1. Thank you! That’s the million dollar question isn’t it? I think there’s two parts to this question – the broader, social level and the individual level. In terms of broader social acceptance of conspiracies, the goal needs to be returning trust in expertise. We currently live in an environment where university education and training are seen as an agenda rather than an asset by much of the population. This is widely exacerbated by elements in our political infrastructure. From speaking with friends over seas, this is particularly heightened in the U.S. – less so elsewhere. In general I think experts need to do a better job engaging with the public – people are interested in science, history, politics, psychology, etc. Even the most ignorant people has intellectual curiosity, they want to learn. This is where I think much of the left (of which I identify) gets it wrong. Too many people “punch down” and target those who have legitimate critiques and few resources, should we be surprised when they go elsewhere to find answers, as awful and poorly substantiated as they may be? When good, accessible material isn’t available pseudo-experts (or just economic grifters) will fill the void. See what has happened to the History Channel, Discovery Networks, etc. They are a dumpster fire of misinformation and conspiracy pedaling. As individuals we can support this, but it requires institutional change. The internet is also a tremendous issue – social media has opened a can of worms that we as a society were not prepared to deal with. This is the element of combating conspiracy that seems the most bleak to me, again I think we need our experts fighting in the same “trenches” as those pedaling conspiracy, but that will take a rethinking of the role of academics and experts. This is not to say there are those who do not attempt to do so, I’d be happy to point you to some resources if you are interested.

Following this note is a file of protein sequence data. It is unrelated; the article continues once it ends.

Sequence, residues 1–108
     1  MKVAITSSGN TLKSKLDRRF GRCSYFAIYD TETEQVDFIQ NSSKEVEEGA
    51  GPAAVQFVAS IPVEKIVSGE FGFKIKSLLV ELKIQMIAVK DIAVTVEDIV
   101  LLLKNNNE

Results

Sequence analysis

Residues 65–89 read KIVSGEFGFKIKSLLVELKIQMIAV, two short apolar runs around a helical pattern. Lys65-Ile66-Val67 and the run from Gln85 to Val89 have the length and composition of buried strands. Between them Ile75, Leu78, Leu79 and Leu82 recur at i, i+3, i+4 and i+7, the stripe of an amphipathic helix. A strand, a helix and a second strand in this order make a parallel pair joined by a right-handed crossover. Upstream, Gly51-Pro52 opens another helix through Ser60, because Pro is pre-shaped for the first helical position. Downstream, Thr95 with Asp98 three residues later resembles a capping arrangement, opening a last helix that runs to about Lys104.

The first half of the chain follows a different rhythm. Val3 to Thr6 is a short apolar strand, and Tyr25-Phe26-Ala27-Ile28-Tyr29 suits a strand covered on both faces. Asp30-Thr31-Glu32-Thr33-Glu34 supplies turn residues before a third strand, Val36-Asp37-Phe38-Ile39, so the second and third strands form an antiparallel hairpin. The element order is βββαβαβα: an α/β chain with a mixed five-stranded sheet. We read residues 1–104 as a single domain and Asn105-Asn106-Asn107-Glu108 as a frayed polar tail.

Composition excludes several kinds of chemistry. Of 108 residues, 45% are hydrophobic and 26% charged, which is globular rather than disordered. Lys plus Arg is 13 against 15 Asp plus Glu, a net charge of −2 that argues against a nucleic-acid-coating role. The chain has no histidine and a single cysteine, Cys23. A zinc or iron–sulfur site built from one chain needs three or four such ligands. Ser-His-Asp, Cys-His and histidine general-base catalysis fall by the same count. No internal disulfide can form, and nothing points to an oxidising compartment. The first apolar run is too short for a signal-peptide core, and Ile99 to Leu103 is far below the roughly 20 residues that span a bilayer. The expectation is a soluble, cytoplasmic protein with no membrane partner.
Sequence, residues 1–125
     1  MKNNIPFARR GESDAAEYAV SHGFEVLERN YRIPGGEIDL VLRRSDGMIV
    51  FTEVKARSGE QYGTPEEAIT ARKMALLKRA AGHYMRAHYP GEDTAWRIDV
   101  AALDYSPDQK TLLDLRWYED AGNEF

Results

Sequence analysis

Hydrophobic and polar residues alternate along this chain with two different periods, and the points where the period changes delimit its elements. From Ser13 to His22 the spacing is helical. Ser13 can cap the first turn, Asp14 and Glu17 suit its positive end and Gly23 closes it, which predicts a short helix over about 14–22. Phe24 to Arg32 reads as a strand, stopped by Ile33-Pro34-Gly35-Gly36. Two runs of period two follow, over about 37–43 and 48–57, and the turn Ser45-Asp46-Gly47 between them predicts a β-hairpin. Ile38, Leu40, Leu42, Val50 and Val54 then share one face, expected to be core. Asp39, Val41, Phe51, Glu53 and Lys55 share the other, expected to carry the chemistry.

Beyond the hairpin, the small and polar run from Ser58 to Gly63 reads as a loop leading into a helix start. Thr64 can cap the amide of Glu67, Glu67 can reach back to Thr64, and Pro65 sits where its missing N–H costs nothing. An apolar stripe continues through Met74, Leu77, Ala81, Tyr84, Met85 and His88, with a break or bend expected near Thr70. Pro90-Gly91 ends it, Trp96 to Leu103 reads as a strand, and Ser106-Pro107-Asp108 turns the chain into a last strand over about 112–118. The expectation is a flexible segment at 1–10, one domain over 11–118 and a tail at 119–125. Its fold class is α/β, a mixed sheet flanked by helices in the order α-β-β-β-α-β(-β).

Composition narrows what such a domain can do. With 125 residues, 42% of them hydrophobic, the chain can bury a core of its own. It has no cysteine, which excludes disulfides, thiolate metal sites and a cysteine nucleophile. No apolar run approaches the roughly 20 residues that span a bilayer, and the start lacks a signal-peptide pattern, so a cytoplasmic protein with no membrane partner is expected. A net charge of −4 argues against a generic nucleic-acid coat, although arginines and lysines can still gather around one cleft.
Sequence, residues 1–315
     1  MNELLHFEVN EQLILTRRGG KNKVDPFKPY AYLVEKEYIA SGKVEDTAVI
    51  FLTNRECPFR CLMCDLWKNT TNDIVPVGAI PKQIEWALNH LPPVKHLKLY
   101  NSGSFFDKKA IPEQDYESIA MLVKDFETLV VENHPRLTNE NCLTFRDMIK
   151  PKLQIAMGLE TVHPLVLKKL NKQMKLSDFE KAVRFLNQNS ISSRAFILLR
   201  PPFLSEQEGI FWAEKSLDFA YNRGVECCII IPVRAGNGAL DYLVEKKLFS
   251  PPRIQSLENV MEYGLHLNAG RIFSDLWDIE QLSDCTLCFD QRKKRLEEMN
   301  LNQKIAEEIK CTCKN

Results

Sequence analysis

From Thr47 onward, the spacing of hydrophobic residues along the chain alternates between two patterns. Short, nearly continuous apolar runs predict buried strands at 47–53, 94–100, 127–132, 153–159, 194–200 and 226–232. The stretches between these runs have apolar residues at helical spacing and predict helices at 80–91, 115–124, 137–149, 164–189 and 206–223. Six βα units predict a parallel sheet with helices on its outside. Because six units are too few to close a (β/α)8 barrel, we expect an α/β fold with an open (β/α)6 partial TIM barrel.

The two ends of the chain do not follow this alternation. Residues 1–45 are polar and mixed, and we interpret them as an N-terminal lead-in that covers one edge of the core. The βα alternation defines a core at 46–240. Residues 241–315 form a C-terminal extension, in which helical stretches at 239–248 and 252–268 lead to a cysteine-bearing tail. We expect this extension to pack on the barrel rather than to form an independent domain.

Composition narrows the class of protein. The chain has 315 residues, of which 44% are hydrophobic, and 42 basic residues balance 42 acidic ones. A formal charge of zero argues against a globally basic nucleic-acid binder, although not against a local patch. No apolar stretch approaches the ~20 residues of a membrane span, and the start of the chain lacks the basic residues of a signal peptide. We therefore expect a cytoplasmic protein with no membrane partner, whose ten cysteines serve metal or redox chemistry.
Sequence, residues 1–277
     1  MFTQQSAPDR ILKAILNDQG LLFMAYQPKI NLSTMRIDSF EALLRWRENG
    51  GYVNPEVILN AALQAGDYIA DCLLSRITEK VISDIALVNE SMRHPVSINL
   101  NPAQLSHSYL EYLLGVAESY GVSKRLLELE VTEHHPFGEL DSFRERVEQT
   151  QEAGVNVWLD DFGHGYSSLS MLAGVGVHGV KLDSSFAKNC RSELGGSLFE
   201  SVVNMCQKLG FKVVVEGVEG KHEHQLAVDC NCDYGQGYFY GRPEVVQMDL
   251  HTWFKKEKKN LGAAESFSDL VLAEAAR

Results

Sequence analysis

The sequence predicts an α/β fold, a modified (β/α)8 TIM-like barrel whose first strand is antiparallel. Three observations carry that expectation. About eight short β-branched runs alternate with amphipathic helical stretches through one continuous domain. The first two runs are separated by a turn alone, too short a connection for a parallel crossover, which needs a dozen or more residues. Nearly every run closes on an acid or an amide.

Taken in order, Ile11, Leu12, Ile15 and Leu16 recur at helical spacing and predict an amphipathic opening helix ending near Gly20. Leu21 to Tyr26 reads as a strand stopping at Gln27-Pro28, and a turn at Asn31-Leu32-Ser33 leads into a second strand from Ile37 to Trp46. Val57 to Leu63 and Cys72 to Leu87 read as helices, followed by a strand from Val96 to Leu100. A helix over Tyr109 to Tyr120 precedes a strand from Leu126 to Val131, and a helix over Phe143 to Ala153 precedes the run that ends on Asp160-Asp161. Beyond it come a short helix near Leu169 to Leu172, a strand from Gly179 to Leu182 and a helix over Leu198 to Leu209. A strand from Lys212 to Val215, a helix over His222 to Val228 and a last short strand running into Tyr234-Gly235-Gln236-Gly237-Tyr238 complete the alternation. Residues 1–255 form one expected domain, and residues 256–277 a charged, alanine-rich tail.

As an individual, challenging conspiracy theories is tricky. In conversation, I strongly discourage people from taking them head on. While it’s easy to poke holes in their arguments or provide counter evidence, this is completely ineffective because they are operating with a world view that believes is coded messages, manipulative cabals, and infinite secrets. Almost always, you will find yourself in an infuriating Gish Gallop. You will just bang you head on the wall and, if anything, embolden them more. Instead, if you have the ability, I try to hear people out (even if it makes me profusely angry) and figure out how exactly they came to this belief system. Often there is usually some sort of experience, trauma, “revelation,” or role model that moved their thinking that way, or they were simply raised in an environment where these ideas are pervasive. Once you establish a safer space where they don’t feel challenged, then I tend to ask questions and provide counter examples. When people trust you, they tend to listen more, at least allowing me to plant a seed. I almost always try to refer them to resources (books, websites, podcasts) that might provide an alternate perspective. For instance, when reading a book by an archaeologist on the pyramids after reading an Ancient Aliens book, the difference in approach and scholarship is obvious. Most simply haven’t bothered looking at the other side and only get the mainstream perspective filtered through fringe mediators. When people are highly combative, especially in the classroom, my strategy tends to shift to a “damage control” model. I might not be able to change this student’s (or in some cases parent’s) mind, but I can engage in a discussion that hopefully prevents these ideas from proliferating among others. One on one I will not challenge in a confrontational way, but I will intervene to prevent the spread of these ideas.